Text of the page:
Inequality in the U.S. depends on how you look at it: Some groups of rich households, for example, have fared much differently than others. Such nuances are crucial in understanding the phenomenon — and what policy makers should do about it.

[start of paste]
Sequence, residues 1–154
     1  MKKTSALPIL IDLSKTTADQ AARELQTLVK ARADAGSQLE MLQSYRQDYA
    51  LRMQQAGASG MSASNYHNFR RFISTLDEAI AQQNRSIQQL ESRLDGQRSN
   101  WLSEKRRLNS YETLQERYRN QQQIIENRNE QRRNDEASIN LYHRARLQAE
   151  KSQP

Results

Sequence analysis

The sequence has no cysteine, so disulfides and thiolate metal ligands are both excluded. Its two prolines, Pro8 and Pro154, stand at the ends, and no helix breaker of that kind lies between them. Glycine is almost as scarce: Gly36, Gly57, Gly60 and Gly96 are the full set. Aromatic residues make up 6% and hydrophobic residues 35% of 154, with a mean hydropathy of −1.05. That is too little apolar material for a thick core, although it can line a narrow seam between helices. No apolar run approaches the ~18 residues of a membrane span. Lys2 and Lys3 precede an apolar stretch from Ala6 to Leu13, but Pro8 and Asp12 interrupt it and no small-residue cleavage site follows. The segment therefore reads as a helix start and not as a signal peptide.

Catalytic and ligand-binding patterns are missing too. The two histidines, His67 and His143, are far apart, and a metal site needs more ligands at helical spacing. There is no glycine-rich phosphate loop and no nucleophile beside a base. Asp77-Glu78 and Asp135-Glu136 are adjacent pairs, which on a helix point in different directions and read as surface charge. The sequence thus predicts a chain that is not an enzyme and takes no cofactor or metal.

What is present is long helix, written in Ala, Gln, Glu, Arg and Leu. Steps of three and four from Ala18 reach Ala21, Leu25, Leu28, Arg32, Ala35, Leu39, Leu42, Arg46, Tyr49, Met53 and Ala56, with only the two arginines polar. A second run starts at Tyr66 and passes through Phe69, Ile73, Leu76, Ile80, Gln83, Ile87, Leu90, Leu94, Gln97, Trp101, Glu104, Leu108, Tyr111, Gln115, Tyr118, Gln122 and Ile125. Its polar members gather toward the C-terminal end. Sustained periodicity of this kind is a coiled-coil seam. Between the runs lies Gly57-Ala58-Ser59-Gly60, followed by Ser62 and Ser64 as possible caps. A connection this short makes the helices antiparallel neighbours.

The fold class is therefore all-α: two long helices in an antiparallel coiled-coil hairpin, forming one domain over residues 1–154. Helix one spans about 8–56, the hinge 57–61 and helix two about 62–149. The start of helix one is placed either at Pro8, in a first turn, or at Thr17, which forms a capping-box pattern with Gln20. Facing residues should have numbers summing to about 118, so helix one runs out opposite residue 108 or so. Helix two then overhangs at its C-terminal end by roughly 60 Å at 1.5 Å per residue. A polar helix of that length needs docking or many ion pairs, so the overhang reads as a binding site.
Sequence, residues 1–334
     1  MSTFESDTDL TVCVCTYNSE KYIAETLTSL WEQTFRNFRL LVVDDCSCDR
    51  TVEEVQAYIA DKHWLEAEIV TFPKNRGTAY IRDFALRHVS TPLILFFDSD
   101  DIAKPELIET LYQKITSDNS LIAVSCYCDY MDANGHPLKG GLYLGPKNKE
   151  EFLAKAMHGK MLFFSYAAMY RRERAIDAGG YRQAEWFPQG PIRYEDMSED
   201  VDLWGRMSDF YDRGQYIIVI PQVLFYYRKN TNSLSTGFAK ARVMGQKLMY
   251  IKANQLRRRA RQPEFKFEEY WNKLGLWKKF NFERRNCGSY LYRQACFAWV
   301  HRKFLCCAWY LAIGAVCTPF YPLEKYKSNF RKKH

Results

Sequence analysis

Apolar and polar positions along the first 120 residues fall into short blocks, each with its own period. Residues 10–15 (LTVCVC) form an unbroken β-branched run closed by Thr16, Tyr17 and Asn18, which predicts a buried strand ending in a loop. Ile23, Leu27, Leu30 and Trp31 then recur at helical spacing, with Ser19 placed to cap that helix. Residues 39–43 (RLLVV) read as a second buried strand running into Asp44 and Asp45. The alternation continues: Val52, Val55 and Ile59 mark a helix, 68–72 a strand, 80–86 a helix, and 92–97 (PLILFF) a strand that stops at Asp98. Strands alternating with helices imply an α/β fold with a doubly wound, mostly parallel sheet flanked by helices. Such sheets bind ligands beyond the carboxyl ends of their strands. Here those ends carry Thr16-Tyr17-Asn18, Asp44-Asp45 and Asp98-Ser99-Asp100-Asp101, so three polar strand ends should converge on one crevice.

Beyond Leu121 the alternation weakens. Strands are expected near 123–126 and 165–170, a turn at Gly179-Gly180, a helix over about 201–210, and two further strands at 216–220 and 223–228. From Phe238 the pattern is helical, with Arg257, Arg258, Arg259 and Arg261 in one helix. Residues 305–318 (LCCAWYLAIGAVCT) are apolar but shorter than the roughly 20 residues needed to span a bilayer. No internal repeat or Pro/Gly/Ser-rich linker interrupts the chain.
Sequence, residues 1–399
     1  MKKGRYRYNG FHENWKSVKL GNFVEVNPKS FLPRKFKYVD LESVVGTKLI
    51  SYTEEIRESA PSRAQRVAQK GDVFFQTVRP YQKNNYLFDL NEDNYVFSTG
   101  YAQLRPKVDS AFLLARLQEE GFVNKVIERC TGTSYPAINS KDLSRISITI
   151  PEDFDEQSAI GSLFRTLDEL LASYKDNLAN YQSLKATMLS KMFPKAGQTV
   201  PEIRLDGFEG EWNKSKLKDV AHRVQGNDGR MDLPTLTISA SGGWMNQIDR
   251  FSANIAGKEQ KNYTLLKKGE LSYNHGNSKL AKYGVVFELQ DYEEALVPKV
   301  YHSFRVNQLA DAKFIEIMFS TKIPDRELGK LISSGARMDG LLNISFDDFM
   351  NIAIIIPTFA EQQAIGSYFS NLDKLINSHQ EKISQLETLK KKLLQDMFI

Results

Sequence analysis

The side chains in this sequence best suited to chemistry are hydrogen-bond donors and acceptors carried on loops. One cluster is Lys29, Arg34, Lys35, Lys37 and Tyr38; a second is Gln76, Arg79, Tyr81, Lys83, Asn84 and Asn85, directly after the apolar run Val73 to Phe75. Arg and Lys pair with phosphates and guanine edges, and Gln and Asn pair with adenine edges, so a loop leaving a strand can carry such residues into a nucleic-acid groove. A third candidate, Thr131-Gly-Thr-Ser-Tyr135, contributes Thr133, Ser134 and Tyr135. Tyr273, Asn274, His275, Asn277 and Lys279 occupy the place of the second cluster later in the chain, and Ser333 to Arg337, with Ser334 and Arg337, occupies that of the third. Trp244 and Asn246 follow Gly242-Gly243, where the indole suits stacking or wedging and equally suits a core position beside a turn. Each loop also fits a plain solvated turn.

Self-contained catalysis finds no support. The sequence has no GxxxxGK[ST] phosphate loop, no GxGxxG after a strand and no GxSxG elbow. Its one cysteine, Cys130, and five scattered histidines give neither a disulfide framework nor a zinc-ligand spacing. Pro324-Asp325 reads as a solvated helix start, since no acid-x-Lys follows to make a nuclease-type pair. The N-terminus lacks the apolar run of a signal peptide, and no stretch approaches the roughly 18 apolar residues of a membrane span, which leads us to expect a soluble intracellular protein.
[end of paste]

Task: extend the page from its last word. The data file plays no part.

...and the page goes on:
Let’s start by focusing on the income of the top 1 percent of Americans, compared to that of the top 10 percent. As of 2014, a household needed an annual income of at least $423,090 to be in the first group, about 3.5 times the threshold for the second group, according to data compiled by the economists Thomas Piketty and Emmanuel Saez. That’s close to the largest difference on records going back to 1974, with one exception: The gap was bigger just before the recession of 2007-2009, during which it fell sharply. Here’s a chart: